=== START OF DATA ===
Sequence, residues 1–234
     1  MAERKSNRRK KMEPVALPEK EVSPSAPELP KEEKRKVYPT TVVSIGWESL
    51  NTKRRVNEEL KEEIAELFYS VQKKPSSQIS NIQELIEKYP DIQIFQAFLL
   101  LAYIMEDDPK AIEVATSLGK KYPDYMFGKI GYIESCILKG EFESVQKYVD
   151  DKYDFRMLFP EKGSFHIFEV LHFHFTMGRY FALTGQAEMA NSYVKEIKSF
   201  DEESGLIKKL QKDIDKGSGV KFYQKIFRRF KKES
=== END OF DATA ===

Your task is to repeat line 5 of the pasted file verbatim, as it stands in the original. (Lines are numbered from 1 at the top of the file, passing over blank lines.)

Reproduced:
   151  DKYDFRMLFP EKGSFHIFEV LHFHFTMGRY FALTGQAEMA NSYVKEIKSF